So, you’re walking down a corridor in the Rayburn House Office Building one day thinking about how your boss wants an amendment to a draft bill that she really cares about when your thoughts are interrupted by a conversation you overhear between two people walking a little ahead of you.
The duo appear also to be Hill aides, but they are debating an arcane topic – which is “better” for understanding reality, science or faith?
One of them tells the other he “doesn’t think there should be any conflict between science and faith because they really aren’t opposed.”
To which the other person responds: “Well, I think they are fundamentally opposed to each other, always have been and always will be. But tell me three reasons why you think they aren’t.”
Then you find yourself wondering how you would respond to that challenge. When you realize you can’t, you uneasily dismiss the thought but it keeps nagging at you in the back of your mind the rest of the day.
Tired of the nagging? I have just the thing to stop it — Travis Satterfield. Who is Travis Satterfield? He’s a high school teacher and the writer behind the always thoughtful, always provocative blog “Here’s The Thing.”
Satterfield is a very smart guy with a lot of questions about why things are the way they are and how did it happen. He’s found a lot of answers, but he’s still got lots of questions, which he writes about frequently on his blog.
Yesterday, he offered three reasons why he thinks the battle between scientific reasoning and religious faith is the war that never should have been.
Without giving away the whole store, let me tell you the three reasons he discusses: They include, first, from a philosophical perspective, “the fight is superficial;” second, from a theological perspective, “the fight is artificial,” and, third, historically, “the fight was manufactured.”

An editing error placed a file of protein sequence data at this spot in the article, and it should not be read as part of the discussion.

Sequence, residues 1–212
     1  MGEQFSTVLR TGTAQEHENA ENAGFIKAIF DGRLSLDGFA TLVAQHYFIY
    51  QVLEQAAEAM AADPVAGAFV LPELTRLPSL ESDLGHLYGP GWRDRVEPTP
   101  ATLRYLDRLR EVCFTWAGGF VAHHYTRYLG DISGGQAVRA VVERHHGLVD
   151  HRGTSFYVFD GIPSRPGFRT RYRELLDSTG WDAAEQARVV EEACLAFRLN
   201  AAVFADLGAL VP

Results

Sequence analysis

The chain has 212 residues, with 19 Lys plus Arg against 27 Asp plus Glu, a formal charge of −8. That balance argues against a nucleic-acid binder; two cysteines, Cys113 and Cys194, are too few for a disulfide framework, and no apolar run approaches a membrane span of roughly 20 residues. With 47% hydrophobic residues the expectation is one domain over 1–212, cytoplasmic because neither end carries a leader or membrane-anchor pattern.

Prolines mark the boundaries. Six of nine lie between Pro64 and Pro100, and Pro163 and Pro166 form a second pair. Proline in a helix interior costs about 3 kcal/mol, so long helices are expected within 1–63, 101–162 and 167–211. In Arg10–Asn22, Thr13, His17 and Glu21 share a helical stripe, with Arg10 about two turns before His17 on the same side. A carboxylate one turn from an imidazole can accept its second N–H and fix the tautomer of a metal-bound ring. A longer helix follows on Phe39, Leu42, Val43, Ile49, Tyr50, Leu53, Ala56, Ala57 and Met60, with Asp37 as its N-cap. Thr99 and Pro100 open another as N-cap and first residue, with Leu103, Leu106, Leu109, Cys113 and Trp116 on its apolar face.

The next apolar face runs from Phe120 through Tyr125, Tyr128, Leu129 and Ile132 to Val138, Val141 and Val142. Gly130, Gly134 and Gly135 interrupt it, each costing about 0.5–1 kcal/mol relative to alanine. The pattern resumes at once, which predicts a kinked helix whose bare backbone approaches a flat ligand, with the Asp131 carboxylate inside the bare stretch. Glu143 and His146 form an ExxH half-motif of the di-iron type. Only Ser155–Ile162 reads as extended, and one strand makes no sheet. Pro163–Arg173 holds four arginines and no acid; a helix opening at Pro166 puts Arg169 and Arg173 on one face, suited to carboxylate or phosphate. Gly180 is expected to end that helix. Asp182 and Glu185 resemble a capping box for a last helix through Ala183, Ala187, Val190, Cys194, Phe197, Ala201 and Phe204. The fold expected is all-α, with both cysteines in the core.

Just to give you a small sample of Satterfield’s case, on the third point, he writes:
“For example, it is commonly believed that medieval Christianity believed that the earth is flat, ignoring and forgetting Ptolemy’s discovery in the second century. The misconception of a widely believed flat earth is a myth in itself.
“Regardless of the political censure he received, Galileo was not tortured, much less executed.”
“But, the accusation that the medieval church was to blame is particularly mythical. Science historians David Lindberg and Ronald Numbers write, ‘there was scarcely a Christian scholar of the Middle Ages who did not acknowledge [Earth’s] sphericity and even know its approximate circumference.’”
And of course, there is Galileo, about whom Satterfield writes:
“He is commonly seen as an intellectual martyr for proposing that the earth rotates around the sun. Sparing the details, Galileo was interrogated by church officials and threatened with torture. However, the conflict was more about political control than scientific understanding.
“For example, anyone in that era would have found themselves in hot water after calling the Pope ‘Simplicio,’ meaning ‘simpleton’ or ‘buffoon,’ as Galileo did. Regardless of the political censure he received, Galileo was not tortured, much less executed.
“Instead, he lived out the last nine years of his life after the trial, continuing his studies … in his own home … in Florence … with a pension from the Roman Catholic Church.”
Now, How About Some Coffee And Conversation?
Did the post above make you think of some uncomfortable questions ? Make you mad? Or maybe deliver a gut-punch to your intellectual or faith solar plexus? Let’s talk about it. Coffee is on me. Totally off the record. See the “Office Hours” in the sidebar to the right.